Ntiyeine & 5 others v Sambu & 5 others (Criminal Appeal (Application) E004 of 2020)  KECA 1331 (KLR) (2 December 2022) (Ruling)
Neutral citation:  KECA 1331 (KLR)
Republic of Kenya
Criminal Appeal (Application) E004 of 2020
MSA Makhandia, JA
December 2, 2022
Joseph Senteu Ntiyeine & 5 others
Victor Sambu & 5 others
(Being an application for extension of time to file and serve a notice of appeal out of time from the Ruling delivered on 29th September. 2020 by the High Court of Kenya (L. Kimaru J.) dated 24th February, 2011 in Milimani Criminal Revision No. 4 of 2020 Criminal Revision 4 of 2020 )
1.By a notice of motion dated October 21, 2020 lodged pursuant to rules 4, 41, 42 and 47 of the Court of Appeal Rules and a supporting affidavit of Joseph Senteu Ntiyeine hereinafter “the applicant”. The applicant prays, that the time to lodge the notice of appeal and serve the same upon the respondents be extended.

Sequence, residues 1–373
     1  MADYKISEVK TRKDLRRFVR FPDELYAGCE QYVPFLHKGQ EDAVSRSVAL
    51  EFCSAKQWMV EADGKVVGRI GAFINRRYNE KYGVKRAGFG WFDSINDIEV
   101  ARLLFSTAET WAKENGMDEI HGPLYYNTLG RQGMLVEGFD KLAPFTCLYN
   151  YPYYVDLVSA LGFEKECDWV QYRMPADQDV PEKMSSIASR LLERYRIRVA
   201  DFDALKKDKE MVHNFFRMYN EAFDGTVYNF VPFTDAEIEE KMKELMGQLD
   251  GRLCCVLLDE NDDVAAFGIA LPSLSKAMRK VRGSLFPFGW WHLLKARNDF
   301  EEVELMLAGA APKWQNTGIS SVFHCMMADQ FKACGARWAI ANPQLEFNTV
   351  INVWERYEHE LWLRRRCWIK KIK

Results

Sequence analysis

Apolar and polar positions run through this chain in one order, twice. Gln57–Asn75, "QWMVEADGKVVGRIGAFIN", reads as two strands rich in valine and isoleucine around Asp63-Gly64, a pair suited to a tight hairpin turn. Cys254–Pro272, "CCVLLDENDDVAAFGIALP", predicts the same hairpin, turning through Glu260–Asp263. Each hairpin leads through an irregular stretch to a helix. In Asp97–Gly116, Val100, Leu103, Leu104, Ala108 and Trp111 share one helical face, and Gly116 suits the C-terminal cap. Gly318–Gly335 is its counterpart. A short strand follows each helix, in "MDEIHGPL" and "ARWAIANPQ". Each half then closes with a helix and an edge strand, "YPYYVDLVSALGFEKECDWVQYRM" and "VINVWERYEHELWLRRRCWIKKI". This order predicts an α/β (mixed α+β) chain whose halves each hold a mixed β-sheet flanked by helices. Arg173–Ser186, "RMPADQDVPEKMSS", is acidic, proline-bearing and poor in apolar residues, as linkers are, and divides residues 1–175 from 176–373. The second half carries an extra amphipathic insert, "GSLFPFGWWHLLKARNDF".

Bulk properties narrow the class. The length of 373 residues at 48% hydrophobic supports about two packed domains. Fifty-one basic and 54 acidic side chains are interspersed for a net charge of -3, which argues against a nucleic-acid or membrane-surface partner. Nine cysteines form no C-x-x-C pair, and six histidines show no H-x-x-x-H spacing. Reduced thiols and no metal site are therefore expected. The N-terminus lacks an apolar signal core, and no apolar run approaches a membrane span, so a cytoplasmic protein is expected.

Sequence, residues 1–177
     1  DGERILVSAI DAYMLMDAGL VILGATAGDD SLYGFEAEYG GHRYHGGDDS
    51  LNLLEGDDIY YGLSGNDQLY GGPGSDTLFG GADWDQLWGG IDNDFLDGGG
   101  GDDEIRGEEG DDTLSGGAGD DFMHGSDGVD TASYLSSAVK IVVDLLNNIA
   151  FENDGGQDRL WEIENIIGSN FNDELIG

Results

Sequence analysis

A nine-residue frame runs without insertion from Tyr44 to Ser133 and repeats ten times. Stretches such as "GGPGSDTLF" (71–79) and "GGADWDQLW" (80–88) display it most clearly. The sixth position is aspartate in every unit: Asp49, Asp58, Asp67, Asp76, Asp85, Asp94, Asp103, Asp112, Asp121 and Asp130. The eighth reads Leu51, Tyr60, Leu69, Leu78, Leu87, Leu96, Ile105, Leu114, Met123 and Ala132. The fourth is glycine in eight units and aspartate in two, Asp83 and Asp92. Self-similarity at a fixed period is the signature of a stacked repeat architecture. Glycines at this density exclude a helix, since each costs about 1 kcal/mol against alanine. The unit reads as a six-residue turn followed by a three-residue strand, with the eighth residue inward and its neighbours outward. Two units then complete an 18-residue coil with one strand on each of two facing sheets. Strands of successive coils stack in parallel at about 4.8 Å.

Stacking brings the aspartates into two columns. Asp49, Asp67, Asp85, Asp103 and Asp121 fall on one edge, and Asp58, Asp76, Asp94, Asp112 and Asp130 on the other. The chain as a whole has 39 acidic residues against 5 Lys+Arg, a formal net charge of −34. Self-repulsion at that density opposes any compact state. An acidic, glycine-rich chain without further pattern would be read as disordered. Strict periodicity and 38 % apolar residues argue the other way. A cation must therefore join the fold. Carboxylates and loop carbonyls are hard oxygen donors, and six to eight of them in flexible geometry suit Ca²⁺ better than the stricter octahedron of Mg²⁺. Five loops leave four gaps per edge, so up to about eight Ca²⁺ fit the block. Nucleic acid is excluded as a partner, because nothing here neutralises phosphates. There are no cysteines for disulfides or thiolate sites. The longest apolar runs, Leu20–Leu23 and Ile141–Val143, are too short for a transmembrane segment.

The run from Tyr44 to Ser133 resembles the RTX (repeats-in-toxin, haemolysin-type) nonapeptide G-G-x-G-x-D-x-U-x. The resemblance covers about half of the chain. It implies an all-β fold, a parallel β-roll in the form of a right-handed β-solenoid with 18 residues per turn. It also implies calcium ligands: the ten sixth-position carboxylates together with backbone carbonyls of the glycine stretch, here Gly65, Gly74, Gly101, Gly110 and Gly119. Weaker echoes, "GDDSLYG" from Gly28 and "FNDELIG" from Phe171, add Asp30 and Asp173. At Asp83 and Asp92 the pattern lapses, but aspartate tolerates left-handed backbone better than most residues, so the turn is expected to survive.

2.The background to this application is that the applicant filed an application before the Chief Magistrate’s Court for leave to institute private prosecution against the respondents. This was after the police had failed to act on his several complaints that the respondents, either jointly or severally, were planning or had the intention to kill him. The respondents robustly opposed the application on the grounds that the applicant lacked the requisite mental capacity to prosecute them. That it had been established by a Consultant Psychiatrist that the applicant suffered from paranoid schizophrenia. He also suffered from hallucinations that made him imagine that his co-workers (the respondents) were intending or were plotting to kill him.